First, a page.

Four critical continuous testing components to implement
Rapid continuous delivery is unlikely to go off without a hitch, unless the team relies on continuous testing. Expert Justin Rohrman explains how to get it underway.
Continuous delivery will fail unless you have a process to test software at the pace of development.
One of the biggest tangible changes in software development over the years is the pace of delivery. Development organizations went from delivering twice a year to monthly. A growing number of companies deliver new software to production several times every day. To enable rapid delivery, developers make more focused and smaller code changes, while creating products that can be built piece by piece rather than in a monolith.
However, in order to keep up with this continuous software delivery process, organizations also need continuous testing.
What is continuous testing?
Let's start with what continuous testing is not. In an average two-week test cycle, the testers join the process when they receive the build code from developers. They first wait through a sprint kickoff meeting and about a week of development work. There is a 50% chance that developers will write unit tests for their code. When testers receive a new build that can be deployed, it has a batch of code in a questionable state, and they discover bugs nearly immediately.
Continuous testing delivers information related to product quality, from the idea of a feature all the way through production. The best way to get a project done is by asking, "How can we test this?" There is a large skill, technology and process gap between testing in the last days of a sprint and driving the entire sprint with testing. How do we get there?
What pieces do you need?
Continuous testing relies on a set of processes, technology approaches and tools that make the feedback loop incrementally faster. Each individual piece improves that loop, but combining them makes a drastic difference.
Continuous integration (CI). The first step toward continuous testing is to get a CI system in place. At a base level, a CI tool takes code committed into a source code repository and builds it into the latest version of your product. In addition to producing a built package, CI systems also integrate with tools that run tests and produce reports on code complexity and test coverage. More advanced developer groups use CI in pipelines. Each development team has its own branch of the product. They commit to that branch, run a build and get test results on the whole product at any time without disturbing the work of other teams.
Environment provisioning. Environment creation always feels slow, even when it is not that bad. You have to grab the latest product build, move it to the server, run an upgrade procedure on the product and maybe the database, restart the services and hope everything starts up correctly. The 10 minutes it takes to perform that task becomes a burden when you repeat it 10 times every day. A container platform, such as Docker, makes provisioning take seconds rather than minutes. Container-based test environments include minimal OS components, so they are lightweight on IT resources when they spin up. Container image creation is a time investment, but these images are then ready for each new test environment. Consider managing the container-based provisioning step through the CI system as well.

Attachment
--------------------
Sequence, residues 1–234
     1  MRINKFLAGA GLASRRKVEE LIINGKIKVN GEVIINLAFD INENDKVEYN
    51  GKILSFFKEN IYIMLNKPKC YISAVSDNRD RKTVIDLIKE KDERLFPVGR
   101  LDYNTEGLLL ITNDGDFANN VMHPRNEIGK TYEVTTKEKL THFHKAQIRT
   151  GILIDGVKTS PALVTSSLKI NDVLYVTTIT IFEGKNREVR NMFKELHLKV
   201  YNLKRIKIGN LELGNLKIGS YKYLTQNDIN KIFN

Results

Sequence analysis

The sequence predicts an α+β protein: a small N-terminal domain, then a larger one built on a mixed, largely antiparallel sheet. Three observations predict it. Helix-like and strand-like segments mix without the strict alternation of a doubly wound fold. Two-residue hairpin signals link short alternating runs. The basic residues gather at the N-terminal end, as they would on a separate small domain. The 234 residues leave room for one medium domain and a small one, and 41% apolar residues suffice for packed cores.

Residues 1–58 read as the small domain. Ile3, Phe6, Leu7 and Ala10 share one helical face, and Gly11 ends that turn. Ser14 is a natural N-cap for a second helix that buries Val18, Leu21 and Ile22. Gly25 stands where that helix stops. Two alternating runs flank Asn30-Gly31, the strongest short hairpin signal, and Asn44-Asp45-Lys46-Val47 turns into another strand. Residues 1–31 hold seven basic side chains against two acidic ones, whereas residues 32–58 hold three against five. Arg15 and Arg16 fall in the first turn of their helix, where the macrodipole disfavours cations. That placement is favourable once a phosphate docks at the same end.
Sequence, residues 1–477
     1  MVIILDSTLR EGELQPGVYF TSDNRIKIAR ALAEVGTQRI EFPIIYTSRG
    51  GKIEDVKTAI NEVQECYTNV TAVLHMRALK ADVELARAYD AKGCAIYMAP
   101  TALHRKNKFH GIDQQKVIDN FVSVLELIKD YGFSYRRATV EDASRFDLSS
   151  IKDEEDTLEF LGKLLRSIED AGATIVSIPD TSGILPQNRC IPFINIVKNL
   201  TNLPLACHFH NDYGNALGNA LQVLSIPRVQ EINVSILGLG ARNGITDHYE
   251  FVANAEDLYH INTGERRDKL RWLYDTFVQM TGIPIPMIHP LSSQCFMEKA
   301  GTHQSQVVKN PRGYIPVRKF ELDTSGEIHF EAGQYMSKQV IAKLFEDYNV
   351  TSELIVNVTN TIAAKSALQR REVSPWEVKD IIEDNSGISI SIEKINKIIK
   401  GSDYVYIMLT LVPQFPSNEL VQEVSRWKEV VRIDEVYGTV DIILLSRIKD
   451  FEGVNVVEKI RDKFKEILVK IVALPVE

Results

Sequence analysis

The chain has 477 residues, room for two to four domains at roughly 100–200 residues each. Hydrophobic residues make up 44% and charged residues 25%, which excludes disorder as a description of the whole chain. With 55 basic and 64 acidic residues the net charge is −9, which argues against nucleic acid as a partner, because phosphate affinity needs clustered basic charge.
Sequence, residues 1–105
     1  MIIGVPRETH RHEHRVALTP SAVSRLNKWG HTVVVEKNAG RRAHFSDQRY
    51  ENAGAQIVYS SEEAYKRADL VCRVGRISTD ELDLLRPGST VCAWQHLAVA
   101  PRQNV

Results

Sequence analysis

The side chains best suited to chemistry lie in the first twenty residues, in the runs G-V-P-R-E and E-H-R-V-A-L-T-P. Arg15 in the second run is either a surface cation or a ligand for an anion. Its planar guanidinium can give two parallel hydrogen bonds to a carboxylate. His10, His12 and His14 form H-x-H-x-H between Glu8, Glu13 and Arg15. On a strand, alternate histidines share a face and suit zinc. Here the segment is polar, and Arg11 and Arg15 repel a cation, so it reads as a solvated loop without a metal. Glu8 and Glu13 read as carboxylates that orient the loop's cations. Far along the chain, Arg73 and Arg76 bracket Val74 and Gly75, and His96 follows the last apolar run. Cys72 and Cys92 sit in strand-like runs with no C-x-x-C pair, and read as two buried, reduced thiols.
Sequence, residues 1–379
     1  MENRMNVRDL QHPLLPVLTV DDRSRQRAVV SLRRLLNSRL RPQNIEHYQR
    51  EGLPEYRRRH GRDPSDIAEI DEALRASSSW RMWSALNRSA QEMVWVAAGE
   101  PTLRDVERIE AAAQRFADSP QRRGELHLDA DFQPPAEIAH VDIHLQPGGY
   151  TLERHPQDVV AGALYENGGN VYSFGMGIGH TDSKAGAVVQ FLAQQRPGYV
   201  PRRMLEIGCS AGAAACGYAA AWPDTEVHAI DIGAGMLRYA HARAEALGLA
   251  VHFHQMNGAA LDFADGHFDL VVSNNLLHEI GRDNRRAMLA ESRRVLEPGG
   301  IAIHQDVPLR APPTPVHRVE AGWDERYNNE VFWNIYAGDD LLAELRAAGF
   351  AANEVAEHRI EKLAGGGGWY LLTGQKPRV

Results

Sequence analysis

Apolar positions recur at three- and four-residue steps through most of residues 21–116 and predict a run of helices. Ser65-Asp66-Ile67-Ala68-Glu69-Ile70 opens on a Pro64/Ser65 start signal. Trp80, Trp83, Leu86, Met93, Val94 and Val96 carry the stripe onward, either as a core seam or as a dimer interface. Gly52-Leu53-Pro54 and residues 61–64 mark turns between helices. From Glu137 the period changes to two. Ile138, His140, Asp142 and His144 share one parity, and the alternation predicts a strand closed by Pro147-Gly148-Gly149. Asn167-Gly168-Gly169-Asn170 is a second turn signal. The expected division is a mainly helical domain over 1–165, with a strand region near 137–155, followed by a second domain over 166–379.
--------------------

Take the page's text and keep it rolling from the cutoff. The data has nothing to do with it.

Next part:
Automation. CI and environment creation enable you to look at new changes as quickly as possible. However, that doesn't do much good if each new build is either dead on arrival or full of problems that can be found in seconds. You can improve first-time quality by testing a product with code. For example, a team adding a configurable drop list to an existing page in the product could write unit level tests of the new element and configured options. At the service layer, developers can go through permutations of data. Once there is a build, they can focus on all of the more complicated and surprising things users do.
Collaboration. Collaboration -- sometimes through developer pairing -- is the most important, and most difficult, part of continuous testing. Two developers work together -- or, even better, two developers and one test specialist -- and approach something called one-piece flow. The group can work on one change, uninterrupted, until it is ready to ship to production. The testers start with a test, and then, they write product code to make the test pass. After the test passes, they can refactor code to make it more readable or better-performing, or to satisfy the given code standard linters in use. The test specialist can make small code changes, shape the test strategy and ask what if-type questions. When the group is ready to merge into the main branch, the change is ready to push to production.
The processes delineated here seem like a steep hill to climb at once. But continuous testing isn't an end state; it is a pursuit. If you need a place to start, optimize your CI system to produce builds in a pipeline. Next, help your team create new testable builds as quickly and often as they want. Then, sprinkle in layers of automation and collaborative work. Continuous testing will look a little different at every company.